I have been listening to several book review podcasts for a couple of months now. Each week I connect my iPod to my computer on Saturday, and iTunes loads episodes of The Washington Post Book World (Friday), The New York Times Book Review (Friday), and NPR Books (Thursday). I then usually listen to them while I cook one of the weekend meals. As I prepare dinner, I keep a pencil and pad nearby to jot down titles and authors. I later check whether my library owns the books and place reserves for the titles that interest me.
My favorite of the three programs is The Washington Post Book World with Rachel Hartigan Shea, which usually begins with some book news, is followed by two author interviews and a poetry reading, and then ends with a litany of author events in the D.C. area for the coming week. This week the news included a brief recap of the Amazon sales rankings controversy and quick announcements of literary prizes. The first interview featured Warren St. John discussing his new book Outcasts United, an investigative report about a soccer team composed of foreign refugees living outside Atlanta, Georgia. St. John recounts how the players and their coach came to be living in the American South after fleeing their homelands. The second author interviewed was with Barbara Moran, who wrote the forthcoming book The Day We Lost the H-Bomb. She described a mid-air collision between a B2 bomber and a fueling tanker in 1966 that resulted in the U. S. Air Force losing a hydrogen bomb in the Mediterranean Sea off the coast of Spain. The entire program was about twenty-six minutes.
The weekly podcasts with Sam Tanenhaus for The New York Times Book Review also feature two author interviews along with book news and a report on the weekend's NYT bestseller lists. With only fifteen minutes and more emphasis on the other features, the interviews are briefer than those in The Washington Post Book World. This week's NYTBR report on Amazon's troubles was more detailed than that in the WPBW. Tanenhaus draws reports from several of his paper's editors each week. The program is a pleasant companion while I chop vegetables and stir the soup.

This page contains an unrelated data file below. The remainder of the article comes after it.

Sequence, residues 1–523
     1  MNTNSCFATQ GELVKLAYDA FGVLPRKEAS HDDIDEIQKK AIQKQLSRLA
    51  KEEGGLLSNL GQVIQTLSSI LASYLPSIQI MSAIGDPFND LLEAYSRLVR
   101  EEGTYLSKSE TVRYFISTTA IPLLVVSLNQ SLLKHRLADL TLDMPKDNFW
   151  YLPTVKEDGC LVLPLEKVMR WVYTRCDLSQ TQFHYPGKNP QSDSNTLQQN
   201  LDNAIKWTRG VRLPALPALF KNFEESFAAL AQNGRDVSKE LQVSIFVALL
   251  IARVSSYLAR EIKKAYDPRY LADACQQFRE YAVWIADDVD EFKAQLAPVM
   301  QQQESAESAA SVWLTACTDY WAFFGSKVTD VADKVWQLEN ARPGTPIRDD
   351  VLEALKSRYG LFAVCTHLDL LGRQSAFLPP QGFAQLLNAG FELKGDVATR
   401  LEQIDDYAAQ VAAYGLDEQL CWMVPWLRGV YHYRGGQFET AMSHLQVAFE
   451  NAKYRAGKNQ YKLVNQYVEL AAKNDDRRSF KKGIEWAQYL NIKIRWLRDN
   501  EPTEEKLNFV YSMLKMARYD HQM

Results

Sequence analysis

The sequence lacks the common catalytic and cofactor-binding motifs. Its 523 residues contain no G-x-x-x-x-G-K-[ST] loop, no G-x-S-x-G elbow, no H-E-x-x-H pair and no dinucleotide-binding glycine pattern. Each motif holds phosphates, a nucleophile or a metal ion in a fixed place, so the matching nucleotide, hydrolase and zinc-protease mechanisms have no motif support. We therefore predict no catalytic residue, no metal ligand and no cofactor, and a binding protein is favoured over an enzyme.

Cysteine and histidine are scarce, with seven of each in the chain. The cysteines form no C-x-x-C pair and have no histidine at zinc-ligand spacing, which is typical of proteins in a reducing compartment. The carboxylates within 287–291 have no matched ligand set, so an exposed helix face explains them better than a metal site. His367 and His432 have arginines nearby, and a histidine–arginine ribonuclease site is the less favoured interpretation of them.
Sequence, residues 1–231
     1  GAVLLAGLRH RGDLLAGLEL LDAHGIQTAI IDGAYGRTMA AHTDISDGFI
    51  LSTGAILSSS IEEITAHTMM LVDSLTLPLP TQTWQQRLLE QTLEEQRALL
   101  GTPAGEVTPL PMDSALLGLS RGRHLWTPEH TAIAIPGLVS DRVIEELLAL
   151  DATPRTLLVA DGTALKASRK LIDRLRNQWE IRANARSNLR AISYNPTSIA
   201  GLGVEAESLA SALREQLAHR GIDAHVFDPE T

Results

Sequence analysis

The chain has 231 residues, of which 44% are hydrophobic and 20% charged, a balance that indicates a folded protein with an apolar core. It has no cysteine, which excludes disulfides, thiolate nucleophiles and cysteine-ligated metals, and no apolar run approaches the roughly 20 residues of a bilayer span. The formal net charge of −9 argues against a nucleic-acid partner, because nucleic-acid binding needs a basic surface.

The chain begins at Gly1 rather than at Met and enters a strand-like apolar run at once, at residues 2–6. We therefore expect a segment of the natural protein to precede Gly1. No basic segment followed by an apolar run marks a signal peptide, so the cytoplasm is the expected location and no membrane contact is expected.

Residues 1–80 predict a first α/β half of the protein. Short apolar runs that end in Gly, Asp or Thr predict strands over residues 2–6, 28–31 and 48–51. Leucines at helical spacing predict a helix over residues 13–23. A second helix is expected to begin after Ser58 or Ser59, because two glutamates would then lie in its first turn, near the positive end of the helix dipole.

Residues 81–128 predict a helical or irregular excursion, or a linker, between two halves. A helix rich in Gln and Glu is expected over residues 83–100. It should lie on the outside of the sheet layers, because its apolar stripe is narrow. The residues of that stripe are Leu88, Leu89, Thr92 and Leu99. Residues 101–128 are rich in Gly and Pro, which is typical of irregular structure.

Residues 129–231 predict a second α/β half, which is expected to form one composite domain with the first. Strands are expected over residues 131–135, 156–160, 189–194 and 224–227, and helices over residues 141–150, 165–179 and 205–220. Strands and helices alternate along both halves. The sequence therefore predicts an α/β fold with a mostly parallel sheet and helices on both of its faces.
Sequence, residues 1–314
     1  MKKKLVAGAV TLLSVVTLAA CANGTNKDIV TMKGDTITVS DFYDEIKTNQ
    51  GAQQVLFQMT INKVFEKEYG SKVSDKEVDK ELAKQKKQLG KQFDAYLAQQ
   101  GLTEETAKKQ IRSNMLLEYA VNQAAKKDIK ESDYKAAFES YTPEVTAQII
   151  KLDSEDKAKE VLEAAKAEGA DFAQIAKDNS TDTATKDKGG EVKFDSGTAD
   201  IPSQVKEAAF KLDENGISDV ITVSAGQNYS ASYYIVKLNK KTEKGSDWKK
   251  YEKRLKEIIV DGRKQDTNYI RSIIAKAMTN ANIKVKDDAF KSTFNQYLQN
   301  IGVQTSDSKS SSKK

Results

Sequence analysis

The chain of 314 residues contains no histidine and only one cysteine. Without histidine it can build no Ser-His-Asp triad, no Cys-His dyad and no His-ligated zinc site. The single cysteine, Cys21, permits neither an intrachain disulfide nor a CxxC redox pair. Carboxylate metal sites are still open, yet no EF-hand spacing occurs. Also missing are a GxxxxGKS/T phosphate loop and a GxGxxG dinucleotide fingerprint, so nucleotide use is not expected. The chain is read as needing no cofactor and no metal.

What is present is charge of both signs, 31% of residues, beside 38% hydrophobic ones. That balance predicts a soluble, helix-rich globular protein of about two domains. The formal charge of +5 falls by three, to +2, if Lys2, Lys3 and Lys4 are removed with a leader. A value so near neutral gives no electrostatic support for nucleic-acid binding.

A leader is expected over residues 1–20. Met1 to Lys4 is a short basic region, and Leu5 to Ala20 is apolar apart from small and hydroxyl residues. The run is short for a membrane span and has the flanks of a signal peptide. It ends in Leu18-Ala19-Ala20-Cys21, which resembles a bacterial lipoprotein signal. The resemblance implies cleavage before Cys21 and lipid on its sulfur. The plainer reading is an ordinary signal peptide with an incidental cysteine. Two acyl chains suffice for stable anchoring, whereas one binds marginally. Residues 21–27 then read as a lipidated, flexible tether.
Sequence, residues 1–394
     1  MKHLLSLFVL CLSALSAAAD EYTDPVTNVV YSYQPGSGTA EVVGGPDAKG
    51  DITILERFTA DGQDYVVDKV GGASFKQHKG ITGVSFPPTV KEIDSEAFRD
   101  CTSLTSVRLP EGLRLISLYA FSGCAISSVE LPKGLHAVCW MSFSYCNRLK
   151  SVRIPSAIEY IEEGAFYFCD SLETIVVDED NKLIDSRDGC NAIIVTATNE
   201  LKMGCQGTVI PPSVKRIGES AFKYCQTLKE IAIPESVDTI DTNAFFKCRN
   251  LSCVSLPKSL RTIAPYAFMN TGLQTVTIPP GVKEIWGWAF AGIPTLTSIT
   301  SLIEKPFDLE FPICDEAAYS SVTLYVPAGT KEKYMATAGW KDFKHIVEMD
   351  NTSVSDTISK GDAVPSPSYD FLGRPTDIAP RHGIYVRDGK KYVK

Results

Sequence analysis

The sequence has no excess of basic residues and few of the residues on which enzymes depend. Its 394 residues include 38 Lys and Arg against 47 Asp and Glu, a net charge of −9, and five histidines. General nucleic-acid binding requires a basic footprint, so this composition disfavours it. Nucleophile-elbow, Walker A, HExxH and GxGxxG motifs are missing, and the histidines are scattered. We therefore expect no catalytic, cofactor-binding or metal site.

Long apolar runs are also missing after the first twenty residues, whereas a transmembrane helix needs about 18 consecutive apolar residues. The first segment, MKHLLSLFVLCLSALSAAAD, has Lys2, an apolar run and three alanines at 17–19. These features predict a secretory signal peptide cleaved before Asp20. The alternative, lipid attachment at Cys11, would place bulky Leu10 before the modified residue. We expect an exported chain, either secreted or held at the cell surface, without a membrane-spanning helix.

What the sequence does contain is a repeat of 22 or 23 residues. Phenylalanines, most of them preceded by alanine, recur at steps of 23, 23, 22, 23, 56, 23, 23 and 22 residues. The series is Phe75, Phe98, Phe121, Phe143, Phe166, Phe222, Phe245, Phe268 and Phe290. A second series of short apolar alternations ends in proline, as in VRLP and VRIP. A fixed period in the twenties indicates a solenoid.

NPR Books varies greatly from week to week. Unlike NPR Science, this podcast has no hosts introducing the stories and reviews. This week the podcast had three stories, including an interview with Romi Lassally of True Mom Confessions: Real Moms Get Real, each taken from All Things Considered or other NPR broadcast programs. The podcast lasted about fourteen minutes. Some weeks the podcast lasts nearly thirty minutes. Any type of book may be featured. NPR is more likely to have an obscure book than WPBW or NYTBR.
All of the podcasts refer listeners back to their websites for more information on books and publishing. Readers who enjoy getting background on how books are written and hearing about book trends will appreciate these lively programs.